Clinical trials in adults with Type 1 diabetes have shown that insulin detemir is associated with comparable HbA1c, less variability in fasting plasma glucose, less nocturnal hypoglycaemia and less weight gain compared with intermediate-acting NPH 1518. In spite of the importance of optimizing diabetes care in children, few comparative randomized clinical trials have been conducted in this age group.

The aim of the current study was to establish the efficacy and safety of insulin detemir in children aged 2–16 years with Type 1 diabetes over 52 weeks of treatment. Results for the youngest age strata (2–5 years) have already been published, and it was found that insulin detemir was associated with similar glycaemic control, but a greater reduction in fasting plasma glucose and a lower rate of hypoglycaemia when compared with NPH insulin in these patients after 52 weeks 19.

Subjects and methods


Children with Type 1 diabetes for at least 12 months (n = 347), aged 2–16 years (~60% prepubertal and ~40% pubertal), a total daily insulin dose ≤ 2.0 U/kg, with HbA1c ≤ 97 mmol/mol (11.0%), insulin detemir-naïve, non-obese (maximum BMI ≤ 27 kg/m2, depending on age) were recruited from diabetes clinics at 35 sites in 11 European countries (Bulgaria, the Czech Republic, Denmark, Finland, France, Hungary, Macedonia, Poland, Russia, Turkey and the UK). Subjects with clinically significant concomitant diseases (as judged by the investigator) were excluded. The study was approved by local ethics committees and health authorities, and carried out in accordance with Good Clinical Practice 20 and the Declaration of Helsinki 21. Written informed consent was obtained from all children (where appropriate) and their parents or legal representative before any study-related activities.

Study design

In this 52-week, multinational, open-label, randomized (1:1, insulin detemir:NPH), two-armed parallel-group trial, eligible children were stratified according to age; 2–5 years (n = 82, 23.6%) and 6–16 years (n = 265, 76.4%). In addition, in a post-hoc statistical analysis, the 6- to 16-year-old cohort was separated into 6- to 12-year-old and 13- to 16-year-old subgroups. Insulin detemir and NPH were administered once or twice daily (according to pretrial regimen), and both treatment groups received insulin aspart as bolus insulin with main meals and larger snacks. The trial consisted of a 2-week screening period, followed by a 52-week titration and treatment period, including a total of 10 scheduled visits and eight telephone contacts during the treatment period. Eligibility for the study was confirmed at an initial screening visit. Eligible subjects were allocated to treatment with insulin detemir or NPH (1:1). Randomization was carried out using a centralized telephone and web-based randomization system, the Interactive Voice Response System (IVRS)/Interactive Web Response System (IWRS), performed within 2 weeks of the screening visit. Insulin detemir and NPH are visually distinguishable and, as the primary endpoint HbA1c is not easily biased, an open-label study design was chosen. Stringent glycaemic control in children is often avoided in real-life clinical practice because of potential hypoglycaemia and its negative effects on young patients. So that the diabetes treatment given during this trial could closely resemble a real-life environment, this study was not a treat-to-target design.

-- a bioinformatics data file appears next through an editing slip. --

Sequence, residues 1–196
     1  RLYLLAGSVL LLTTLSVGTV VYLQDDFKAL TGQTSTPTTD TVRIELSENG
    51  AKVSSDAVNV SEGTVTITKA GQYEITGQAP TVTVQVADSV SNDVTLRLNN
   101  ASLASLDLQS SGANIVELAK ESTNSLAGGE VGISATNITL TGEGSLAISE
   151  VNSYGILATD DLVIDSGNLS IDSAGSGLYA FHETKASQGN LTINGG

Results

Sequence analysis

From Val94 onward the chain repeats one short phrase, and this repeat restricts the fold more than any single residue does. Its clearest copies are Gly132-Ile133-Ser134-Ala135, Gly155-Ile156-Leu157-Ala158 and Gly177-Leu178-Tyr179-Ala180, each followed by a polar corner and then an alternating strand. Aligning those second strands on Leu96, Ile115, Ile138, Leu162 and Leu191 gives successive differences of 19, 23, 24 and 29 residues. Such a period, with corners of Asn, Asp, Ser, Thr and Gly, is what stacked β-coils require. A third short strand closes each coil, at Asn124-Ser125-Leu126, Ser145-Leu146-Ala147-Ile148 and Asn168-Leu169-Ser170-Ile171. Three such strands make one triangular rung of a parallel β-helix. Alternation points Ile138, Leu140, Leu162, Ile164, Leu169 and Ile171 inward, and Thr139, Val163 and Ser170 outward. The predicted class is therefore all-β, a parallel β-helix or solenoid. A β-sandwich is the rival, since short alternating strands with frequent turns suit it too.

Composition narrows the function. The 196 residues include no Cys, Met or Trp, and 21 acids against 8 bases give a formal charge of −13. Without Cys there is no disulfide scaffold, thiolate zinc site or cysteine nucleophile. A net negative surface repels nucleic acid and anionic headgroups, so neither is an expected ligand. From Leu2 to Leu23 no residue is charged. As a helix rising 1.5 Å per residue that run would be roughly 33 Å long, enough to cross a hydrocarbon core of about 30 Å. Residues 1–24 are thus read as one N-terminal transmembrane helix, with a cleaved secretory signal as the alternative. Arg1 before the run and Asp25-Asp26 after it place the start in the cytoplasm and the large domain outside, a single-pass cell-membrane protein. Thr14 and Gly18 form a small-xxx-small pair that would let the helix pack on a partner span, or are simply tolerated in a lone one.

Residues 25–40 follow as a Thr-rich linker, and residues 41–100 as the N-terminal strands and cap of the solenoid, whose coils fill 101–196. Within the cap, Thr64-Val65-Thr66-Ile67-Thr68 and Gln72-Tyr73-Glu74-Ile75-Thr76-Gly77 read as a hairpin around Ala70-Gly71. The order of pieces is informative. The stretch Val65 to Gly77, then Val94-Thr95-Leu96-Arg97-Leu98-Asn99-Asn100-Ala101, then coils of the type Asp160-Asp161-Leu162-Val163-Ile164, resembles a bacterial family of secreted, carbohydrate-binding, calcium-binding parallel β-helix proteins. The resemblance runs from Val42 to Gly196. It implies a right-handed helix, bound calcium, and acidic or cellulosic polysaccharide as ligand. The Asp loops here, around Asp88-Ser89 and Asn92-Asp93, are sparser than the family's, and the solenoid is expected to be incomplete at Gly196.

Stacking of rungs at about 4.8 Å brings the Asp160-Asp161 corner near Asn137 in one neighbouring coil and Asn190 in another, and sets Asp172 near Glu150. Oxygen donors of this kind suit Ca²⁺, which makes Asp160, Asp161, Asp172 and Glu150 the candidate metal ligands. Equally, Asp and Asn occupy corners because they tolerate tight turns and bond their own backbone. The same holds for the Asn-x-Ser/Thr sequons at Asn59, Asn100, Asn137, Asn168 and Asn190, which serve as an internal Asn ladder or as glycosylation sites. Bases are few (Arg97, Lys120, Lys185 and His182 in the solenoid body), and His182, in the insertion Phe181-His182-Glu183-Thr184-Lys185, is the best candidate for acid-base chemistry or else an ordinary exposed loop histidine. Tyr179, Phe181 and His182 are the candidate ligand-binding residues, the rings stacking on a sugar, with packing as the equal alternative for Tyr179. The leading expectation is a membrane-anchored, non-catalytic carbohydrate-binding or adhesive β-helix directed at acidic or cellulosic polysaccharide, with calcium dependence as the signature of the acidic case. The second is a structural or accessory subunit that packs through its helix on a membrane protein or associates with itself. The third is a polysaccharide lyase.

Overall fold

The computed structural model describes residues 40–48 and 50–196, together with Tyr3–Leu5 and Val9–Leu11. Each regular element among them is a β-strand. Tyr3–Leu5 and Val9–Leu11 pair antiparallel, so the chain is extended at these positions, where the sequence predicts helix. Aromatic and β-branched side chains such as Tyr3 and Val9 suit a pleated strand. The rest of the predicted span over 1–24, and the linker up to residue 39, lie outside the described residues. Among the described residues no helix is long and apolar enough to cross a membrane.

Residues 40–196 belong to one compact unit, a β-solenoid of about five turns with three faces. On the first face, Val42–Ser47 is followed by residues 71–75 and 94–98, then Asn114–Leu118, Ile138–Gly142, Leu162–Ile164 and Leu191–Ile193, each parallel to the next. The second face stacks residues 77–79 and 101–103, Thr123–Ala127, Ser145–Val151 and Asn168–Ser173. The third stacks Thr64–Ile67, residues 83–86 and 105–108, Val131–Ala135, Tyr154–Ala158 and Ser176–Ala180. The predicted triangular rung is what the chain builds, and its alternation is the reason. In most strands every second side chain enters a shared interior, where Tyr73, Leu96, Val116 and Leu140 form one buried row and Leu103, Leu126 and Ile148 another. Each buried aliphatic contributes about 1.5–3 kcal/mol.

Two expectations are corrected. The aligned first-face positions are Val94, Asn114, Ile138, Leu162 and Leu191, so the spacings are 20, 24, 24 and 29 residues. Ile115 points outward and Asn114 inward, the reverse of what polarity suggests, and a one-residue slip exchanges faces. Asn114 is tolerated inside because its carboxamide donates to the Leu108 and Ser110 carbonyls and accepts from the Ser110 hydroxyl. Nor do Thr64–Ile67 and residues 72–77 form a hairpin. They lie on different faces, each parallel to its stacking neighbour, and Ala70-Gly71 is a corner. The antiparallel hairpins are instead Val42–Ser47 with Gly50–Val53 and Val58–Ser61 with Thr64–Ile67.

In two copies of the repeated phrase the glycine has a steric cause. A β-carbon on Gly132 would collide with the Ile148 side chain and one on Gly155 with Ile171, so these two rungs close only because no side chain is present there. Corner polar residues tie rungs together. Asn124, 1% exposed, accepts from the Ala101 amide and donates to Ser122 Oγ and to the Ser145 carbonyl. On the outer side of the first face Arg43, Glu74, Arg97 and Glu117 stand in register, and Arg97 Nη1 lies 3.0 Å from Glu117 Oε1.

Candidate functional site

Children were treated with insulin detemir (Levemir®; Novo Nordisk A/S, Bagsvaerd, Denmark; 100 U/ml) or NPH (NPH, human isophane insulin®; Novo Nordisk A/S; 100 IU/ml) once or twice daily, according to pretrial insulin regimen and dose. Both groups received insulin aspart (NovoRapid®/NovoLog®; Novo Nordisk A/S; 100 U/ml) 2–4 times daily, with main meals.

During the treatment period, the basal insulin dose was adjusted according to plasma glucose measurements with a preprandial plasma glucose goal of 4.0–7.0 mmol/l (72–126 mg/dl). Participants were asked to measure their plasma glucose before breakfast and dinner on the last 3 days prior to each contact and to adjust basal insulin doses according to a simple titration algorithm (Table 1).